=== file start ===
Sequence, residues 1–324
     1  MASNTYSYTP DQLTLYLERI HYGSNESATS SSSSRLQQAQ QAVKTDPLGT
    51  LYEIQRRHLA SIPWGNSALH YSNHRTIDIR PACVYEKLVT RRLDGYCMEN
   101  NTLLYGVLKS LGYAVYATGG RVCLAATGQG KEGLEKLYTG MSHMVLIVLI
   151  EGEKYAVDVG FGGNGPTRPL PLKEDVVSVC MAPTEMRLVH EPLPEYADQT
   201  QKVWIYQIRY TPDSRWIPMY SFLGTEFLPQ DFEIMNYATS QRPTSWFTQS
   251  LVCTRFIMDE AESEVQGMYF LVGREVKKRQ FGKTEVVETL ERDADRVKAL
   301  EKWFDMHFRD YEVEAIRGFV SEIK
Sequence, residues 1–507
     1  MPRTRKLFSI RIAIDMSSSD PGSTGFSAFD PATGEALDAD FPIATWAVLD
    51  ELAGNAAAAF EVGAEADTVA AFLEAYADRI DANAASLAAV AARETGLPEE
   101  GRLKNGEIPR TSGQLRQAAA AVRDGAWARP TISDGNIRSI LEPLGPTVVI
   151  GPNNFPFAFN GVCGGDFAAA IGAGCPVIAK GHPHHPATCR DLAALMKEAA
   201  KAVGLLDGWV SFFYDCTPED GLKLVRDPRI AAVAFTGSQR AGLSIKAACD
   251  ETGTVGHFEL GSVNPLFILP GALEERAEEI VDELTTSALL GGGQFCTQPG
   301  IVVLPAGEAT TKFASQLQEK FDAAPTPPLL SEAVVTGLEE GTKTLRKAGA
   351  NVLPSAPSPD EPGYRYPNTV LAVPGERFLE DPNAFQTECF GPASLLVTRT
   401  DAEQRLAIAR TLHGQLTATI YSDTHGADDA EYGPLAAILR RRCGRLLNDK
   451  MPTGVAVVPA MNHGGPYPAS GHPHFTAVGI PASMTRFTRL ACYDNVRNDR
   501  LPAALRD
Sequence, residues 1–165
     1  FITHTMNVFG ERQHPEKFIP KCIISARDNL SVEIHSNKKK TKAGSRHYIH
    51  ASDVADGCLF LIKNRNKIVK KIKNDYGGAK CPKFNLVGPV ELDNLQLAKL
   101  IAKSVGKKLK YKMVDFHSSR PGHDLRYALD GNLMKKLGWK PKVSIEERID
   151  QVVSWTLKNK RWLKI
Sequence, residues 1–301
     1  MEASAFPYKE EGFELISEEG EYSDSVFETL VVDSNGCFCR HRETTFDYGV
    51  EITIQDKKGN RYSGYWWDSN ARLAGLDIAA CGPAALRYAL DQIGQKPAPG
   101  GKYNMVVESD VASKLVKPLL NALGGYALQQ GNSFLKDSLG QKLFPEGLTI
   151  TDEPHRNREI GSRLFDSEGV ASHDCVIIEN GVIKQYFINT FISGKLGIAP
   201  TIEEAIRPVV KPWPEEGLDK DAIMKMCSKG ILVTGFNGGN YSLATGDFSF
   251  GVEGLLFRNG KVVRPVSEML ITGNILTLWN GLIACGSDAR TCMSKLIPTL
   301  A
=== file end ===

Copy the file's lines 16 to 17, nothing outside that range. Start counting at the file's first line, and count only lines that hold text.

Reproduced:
   301  IVVLPAGEAT TKFASQLQEK FDAAPTPPLL SEAVVTGLEE GTKTLRKAGA
   351  NVLPSAPSPD EPGYRYPNTV LAVPGERFLE DPNAFQTECF GPASLLVTRT